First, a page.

As the humanities have rediscovered religion, new sorts of questions are being asked about religion and politics. Religion is no longer imagined as a check box, as the social sciences would like to see it: something you have or don’t, something that comes in one of several flavors of belief. Now that religion is not only about belief but about practices and ideas, with histories, intertwined with other practices and ideas, the intersection of religion and politics is no longer a point, but a varied terrain with multiple dimensions. […]
What brought Strauss into conversation with Schmitt was their mutual disillusionment not just with the political liberalism of the Weimar Republic but with post-Enlightenment liberalism in general. For theoretical solutions on how to ground political authority in something more substantial than Enlightenment rationalism, they both turned to aspects of pre-modern traditionalism – for Schmitt, an authoritarian Catholic political theology, for Strauss the recovery of ancient political philosophy and its medieval transmitters. On the practical plane, they both thought that parliamentary democracy was utterly unequipped to cope with the various crises afflicting postwar Europe. As a Jew, however, Strauss had no chance of signing on with the various authoritarian options on offer during the 1930s, since they invariably included anti-Semitism as part of their program and ideology. Both men shared ambivalent relations with their respective religious traditions and have even been suspected of covert atheism. In the end, Schmitt’s Catholicism, however episodic and selective, seems to have been more integral to his thinking than Strauss’ ancestral Judaism was to his.
The Weimar Moment: Liberalism, Political Theology, and Law, edited by Leonard V. Kaplan and Rudy Koshar, is a set of papers from a conference held at UW-Madison in the fall of 2008 (Lexington Books, 2012). Many of the papers will be of direct interest to readers, most notably perhaps the set dealing with Karl Barth. Here I want to point out some of the more important observations and analyses that surfaced during the discussions (full disclosure: I attended and have a paper in the proceedings).
In my prior posting, I was concerned with elaborating the disciplinary position from which I take up the project of political theology. It is a part of the secular study of our political practices and beliefs. Accepting these limits, I placed myself within the same modernist tradition as liberal political theory.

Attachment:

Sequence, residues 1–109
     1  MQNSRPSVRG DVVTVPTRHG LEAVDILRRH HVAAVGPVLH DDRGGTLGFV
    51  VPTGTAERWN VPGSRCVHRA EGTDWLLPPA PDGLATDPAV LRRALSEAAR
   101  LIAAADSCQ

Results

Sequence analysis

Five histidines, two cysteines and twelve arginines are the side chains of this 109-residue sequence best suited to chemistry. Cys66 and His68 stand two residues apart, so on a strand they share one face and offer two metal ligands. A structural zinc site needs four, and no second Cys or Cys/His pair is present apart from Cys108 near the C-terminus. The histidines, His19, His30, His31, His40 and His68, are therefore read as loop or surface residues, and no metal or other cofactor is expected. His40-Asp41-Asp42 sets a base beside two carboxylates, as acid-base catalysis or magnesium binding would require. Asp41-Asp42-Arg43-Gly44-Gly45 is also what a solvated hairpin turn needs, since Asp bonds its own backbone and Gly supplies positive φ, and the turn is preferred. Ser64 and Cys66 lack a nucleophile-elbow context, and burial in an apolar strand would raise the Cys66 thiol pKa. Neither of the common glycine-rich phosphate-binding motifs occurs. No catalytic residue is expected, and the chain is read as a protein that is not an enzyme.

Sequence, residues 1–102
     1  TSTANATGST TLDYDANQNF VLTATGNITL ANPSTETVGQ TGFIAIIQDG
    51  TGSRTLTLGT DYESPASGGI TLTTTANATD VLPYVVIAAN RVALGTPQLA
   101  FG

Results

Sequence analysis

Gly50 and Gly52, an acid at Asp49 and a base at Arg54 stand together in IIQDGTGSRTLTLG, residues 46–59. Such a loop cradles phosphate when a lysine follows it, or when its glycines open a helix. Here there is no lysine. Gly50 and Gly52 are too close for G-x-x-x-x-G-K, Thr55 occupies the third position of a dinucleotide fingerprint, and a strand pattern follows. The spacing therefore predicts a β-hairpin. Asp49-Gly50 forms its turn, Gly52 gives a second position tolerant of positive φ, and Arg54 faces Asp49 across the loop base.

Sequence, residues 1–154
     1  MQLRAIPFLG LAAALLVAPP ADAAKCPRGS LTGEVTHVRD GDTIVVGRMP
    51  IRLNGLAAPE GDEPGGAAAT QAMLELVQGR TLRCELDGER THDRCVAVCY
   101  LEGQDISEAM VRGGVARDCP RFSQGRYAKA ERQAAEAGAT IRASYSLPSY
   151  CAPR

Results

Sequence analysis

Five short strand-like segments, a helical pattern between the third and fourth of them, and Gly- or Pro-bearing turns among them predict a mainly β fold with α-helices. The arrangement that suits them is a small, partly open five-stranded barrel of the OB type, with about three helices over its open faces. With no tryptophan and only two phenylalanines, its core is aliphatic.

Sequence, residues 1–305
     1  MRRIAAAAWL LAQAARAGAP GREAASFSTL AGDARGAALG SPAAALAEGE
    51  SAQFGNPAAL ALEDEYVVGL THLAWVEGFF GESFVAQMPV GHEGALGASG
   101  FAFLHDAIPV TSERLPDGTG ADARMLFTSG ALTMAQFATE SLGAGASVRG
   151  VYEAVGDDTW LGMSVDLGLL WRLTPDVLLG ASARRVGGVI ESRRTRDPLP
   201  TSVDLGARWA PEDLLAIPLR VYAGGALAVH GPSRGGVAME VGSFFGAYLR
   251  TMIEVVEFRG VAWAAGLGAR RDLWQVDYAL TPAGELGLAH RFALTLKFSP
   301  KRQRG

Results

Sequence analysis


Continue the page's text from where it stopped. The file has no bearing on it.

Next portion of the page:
There is a deeper point to be made about the symmetry between theory and practice in the modern age. Liberal political theory is committed to the idea that an adequate account must be one that is fully transparent to reason. Theory is to be built through discrete, rational steps from common premises that purport to be universal. Accordingly, it is hostile to any privileged claims made on the basis of a particular faith, including claims for the existence of God or a natural order. In a parallel fashion, the modern, political order is to be autochthonous. It is to rest on nothing outside of itself. This is not a claim about history, which knows no beginnings; rather, it describes a secular understanding of the origin and ground of the state. This is an important idea, for example, in the decolonization movement: a post-colonial state can create itself through an original founding act. It need not express a pre-existing national or ethnic identity.
It is certainly interesting to see a reflection of myself in the response of another discipline, even if I sometimes have trouble recognizing that image. Most useful will be for me to address the meaning of the gap between the two different political theological enterprises represented in this discussion. I will begin by making clear what the idea of a political theology contributes to my project. Following that, I will defend some of the contested theoretical premises of my work. Finally, I will take up the hardest question that emerges from this discussion: is it really the case that my political theological project is non-normative? If there is an implicit normative claim in my work, then the reviewers are right to ask not just whether I have got my description of American politics right, but whether the ethical direction of my work can be supported.